Learning to Interpret Christian Art

Caravaggio
Caravaggio, Supper at Emmaus, National Gallery, London (Wikimedia Commons)

In looking into some online educational resources, I recently fell down the delightful rabbit hole that is Kahn Academy’s series of presentations and videos connected with their AP Art History course. A section on culture and religion for art history begins with short lessons on the basic context of Christianity, standard scenes from the life of Christ in art, the image in early medieval art, and architecture and liturgy. The lessons culminate with a fine series of short videos, “The Audacity of Christian Art.” The beautifully produced series is written and presented by Dr. Chloe Reddaway, Howard and Roberta Ahmanson Curator in Art and Religion at London’s National Gallery. Drawing on her background in both theology and art history, she leads viewers through rich visual elements of mostly Renaissance-period Christian art, pointing both to theological understandings and ways that viewers are invited to interact with the works.

Another resource I’ve recently discovered is ChristianArt. Aiming to help Christians to value art and to see its intrinsic connection with faith, former Director of Sotheby’s London, Patrick van der Vorst now provides e-mail subscribers a daily piece of art paired with one of the liturgical readings of the day, along with a short reflection on how the art and text enlighten each other. Works featured include both the old and the new.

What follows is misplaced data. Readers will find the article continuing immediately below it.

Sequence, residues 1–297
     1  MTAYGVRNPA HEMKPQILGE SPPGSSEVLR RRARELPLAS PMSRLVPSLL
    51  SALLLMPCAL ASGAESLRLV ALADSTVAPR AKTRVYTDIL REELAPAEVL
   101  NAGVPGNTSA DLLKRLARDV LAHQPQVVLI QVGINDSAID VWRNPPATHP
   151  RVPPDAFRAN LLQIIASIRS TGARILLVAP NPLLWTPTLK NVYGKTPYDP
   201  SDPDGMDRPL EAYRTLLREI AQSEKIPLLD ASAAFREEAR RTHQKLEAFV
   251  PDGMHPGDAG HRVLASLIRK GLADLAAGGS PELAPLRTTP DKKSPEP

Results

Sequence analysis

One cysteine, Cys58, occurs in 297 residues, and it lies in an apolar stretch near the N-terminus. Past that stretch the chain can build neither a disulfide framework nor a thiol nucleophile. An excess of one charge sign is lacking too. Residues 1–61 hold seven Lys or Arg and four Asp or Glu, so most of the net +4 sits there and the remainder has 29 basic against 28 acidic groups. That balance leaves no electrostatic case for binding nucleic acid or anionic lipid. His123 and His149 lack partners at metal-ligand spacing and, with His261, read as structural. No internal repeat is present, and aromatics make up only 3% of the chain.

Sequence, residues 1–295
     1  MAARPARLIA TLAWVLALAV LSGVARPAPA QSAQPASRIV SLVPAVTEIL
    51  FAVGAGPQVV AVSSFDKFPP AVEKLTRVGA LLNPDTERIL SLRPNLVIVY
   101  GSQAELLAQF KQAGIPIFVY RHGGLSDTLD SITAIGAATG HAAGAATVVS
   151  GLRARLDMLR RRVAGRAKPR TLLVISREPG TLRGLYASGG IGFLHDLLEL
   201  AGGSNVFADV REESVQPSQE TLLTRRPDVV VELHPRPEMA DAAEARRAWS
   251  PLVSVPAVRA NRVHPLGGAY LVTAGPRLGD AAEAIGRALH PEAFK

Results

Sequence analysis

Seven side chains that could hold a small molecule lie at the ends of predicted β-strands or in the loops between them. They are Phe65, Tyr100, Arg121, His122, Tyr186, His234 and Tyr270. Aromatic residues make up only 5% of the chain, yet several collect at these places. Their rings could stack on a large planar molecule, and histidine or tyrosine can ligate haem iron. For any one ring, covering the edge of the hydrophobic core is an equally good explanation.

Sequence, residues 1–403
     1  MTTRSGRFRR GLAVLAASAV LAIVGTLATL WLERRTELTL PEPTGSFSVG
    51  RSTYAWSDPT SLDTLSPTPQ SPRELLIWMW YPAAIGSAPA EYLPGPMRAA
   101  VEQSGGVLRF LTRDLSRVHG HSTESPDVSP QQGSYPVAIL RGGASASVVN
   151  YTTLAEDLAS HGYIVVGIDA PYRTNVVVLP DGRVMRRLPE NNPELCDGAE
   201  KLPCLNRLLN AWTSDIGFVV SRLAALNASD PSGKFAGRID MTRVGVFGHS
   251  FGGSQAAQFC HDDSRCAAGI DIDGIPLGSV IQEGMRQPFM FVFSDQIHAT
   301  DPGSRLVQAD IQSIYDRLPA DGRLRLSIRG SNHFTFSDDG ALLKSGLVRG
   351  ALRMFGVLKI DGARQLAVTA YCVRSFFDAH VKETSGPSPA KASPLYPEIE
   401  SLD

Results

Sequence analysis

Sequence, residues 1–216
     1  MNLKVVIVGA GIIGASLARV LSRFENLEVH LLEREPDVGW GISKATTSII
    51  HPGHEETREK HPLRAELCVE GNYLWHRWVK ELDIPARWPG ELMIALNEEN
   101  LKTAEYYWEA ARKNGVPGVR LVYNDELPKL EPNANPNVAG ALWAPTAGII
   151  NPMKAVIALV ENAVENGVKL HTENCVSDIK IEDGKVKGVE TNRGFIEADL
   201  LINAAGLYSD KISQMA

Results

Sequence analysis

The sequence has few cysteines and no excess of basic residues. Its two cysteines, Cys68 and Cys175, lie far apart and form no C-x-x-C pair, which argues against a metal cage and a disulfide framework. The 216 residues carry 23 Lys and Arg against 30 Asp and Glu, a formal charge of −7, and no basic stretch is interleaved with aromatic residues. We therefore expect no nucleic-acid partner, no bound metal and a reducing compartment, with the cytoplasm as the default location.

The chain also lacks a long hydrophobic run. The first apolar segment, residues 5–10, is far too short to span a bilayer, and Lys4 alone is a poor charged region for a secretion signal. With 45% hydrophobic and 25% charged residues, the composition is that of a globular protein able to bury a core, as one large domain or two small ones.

For those hoping to provide contemporary viewers guides to visual literacy in Christianity, both of these resources are beautiful places to start.

One comment

  1. This pandemic has caused me to research liturgical art as I design our parish’s worship aids each week for parishioners to follow along while watching our livestreamed liturgies. In the process I’ve discovered many contemporary artists for example, He Qi, Jorge Cocco and James Janknegt and reintroduced myself to artists like Lalo García and John August Swanson. Even delved into Salvador Dali’s collection of religious art. Thanks for sharing!

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